Understanding Anxiety Disorders

anxiety-seacliffEveryone experiences anxiety from time to time. Whether you’re nervous about a big test or presentation, worried about something that happened (or might happen), or are faced with interacting with a large group of people, it’s normal to feel a little anxious. However, once the event has passed, so too does the anxiety. Many people are able to recognize why they’re anxious and work through it, not letting it interfere too much with their day.

For people who have anxiety disorders, though, the anxious or nervous feeling doesn’t quickly pass. It may linger and become worse. It may actually keep people from doing things that they enjoy or from engaging in different activities. Controlling their anxiety is difficult. Fortunately, there is treatment available and anxiety disorders can be managed. Seacliff provides treatment for mental illness and substance use disorders to help clients lead healthier lives and build a brighter future.

Types of Anxiety Disorders

Anxiety manifests itself in different ways. The term anxiety disorder is an umbrella that encompasses several different types of anxiety. While some people experience panic attacks, others become nervous and restless in certain social situations. Researchers believe that both genetic and environmental components contribute to anxiety disorders. Some common types include:

  • Generalized Anxiety Disorder
  • Panic Disorder
  • Social Anxiety Disorder
  • Agoraphobia
  • Specific Phobias
  • Obsessive Compulsive Disorder (OCD) is also closely related to anxiety disorders

While these disorders can be disruptive to your life, effective treatment through therapy and other evidence-based approaches can help you to manage symptoms and live a life you love. Your anxiety does not have to control your life.

When Anxiety and Addiction are Co-Occurring

One of the challenges that some people face with anxiety is addiction. When these two disorders are co-occurring, it can have a greater impact on your life and make treatment even more important. Anxiety and addiction can become a vicious cycle, one always feeding into the other. Treating both conditions simultaneously at Seacliff can help you to better understand the interrelated nature of an anxiety disorder and addiction and how they impact your life. You’ll be able to develop strategies and coping mechanisms that address both disorders.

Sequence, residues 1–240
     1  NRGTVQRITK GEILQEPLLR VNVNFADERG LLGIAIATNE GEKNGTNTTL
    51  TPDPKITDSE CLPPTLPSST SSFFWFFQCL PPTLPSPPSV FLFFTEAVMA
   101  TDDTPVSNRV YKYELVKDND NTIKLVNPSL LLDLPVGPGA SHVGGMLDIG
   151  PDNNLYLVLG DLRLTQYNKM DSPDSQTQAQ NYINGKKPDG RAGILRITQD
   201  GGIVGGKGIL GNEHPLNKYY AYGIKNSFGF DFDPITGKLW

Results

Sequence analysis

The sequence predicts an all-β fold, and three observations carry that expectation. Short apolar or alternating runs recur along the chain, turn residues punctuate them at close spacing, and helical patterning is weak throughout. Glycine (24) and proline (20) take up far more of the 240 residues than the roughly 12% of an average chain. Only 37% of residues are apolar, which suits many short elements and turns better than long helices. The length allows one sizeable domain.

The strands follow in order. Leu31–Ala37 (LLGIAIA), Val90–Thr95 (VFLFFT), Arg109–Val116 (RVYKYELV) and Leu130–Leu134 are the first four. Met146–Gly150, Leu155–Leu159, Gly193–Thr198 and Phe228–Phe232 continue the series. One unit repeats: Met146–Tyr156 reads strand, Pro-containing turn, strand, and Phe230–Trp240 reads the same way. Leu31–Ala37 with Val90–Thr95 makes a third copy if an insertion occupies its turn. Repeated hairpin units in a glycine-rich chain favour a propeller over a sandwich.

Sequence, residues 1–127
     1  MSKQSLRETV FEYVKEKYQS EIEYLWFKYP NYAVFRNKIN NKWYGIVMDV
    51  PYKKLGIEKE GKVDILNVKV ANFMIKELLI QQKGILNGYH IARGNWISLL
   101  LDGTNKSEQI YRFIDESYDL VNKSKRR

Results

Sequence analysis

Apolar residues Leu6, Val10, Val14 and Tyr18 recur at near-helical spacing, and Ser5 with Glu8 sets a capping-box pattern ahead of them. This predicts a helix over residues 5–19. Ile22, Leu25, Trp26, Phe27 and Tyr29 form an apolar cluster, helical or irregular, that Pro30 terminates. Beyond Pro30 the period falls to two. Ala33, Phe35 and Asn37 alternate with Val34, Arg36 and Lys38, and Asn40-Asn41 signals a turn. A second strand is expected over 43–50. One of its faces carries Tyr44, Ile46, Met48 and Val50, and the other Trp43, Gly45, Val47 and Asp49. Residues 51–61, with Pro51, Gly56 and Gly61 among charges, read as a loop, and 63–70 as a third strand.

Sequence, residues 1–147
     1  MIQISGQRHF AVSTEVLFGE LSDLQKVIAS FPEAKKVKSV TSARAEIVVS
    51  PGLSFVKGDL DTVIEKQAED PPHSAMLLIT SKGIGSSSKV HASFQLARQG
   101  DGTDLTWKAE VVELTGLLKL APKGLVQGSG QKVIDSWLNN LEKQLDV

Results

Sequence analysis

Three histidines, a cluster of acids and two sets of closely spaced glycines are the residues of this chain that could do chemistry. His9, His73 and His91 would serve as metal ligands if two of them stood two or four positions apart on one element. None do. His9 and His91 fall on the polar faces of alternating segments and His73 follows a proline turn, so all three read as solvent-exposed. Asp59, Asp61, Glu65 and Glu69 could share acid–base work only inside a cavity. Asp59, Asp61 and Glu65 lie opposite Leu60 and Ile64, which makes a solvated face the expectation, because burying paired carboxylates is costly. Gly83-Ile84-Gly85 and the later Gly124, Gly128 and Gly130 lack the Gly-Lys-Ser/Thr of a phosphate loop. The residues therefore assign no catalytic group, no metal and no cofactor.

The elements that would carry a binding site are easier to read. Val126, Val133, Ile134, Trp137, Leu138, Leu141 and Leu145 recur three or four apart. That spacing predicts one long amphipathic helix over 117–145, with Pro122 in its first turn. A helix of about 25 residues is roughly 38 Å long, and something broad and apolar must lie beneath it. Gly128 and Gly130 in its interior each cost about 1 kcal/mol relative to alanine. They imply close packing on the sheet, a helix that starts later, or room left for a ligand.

If one is left untreated, it can increase risk of the other returning because one of the major underlying factors have not been addressed. When both are treated together, you can figure out what works best for you in controlling your anxiety while also managing your addiction recovery. In turn, you can be more proactive in reducing risk of relapse and achieving the goals you set for yourself.

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What is the Connection Between Anxiety Disorder and Addiction?

Anxiety disorders and addiction can go hand-in-hand. Some people use drugs or alcohol as a way of coping with the symptoms of anxiety. While these substances may provide temporary relief, they are not a long-term solution and may actually exacerbate symptoms making anxiety worse. Continued substance use can lead to dependency and addiction. Some people may also find that the effects of addiction can increase their anxiety making an anxiety disorder more noticeable.

According to the Anxiety and Depression Association of America, “About 20 percent of Americans with an anxiety or mood disorder such as depression have an alcohol or other substance use disorder, and about 20 percent of those with an alcohol or substance use disorder also have an anxiety or mood disorder.” While there are plenty of people who experience one or the other, there are also many who experience both. Recognizing the presence of mental illness can allow you to find a treatment program for co-occurring disorders that best fits your needs.

Signs and Symptoms of Anxiety

Depending on the type of anxiety disorder that you have, the signs and symptoms of anxiety can differ. Common symptoms include having difficulty controlling your worry, episodes of intense fear, trouble sleeping, irritability, extreme self-consciousness in front of others, avoiding social engagements, or experiencing irrational fears. When experiencing these symptoms, some people have a hard time catching their breath, their heartbeat quickens, they start sweating or trembling, and they have trouble concentrating. These are just a few of the signs of an anxiety disorder.

Anxiety Treatment Center

You don’t have to let anxiety or addictions control your life. You can turn things around and feel more in control by seeking help at a dual diagnosis treatment center like Seacliff. Seacliff provides dual diagnosis treatment for anxiety and substance use disorders so that you can get your life back on track and pursue your goals with more confidence. You’ll learn the skills and strategies necessary to overcome addiction and mental illness and sustain long-term recovery.


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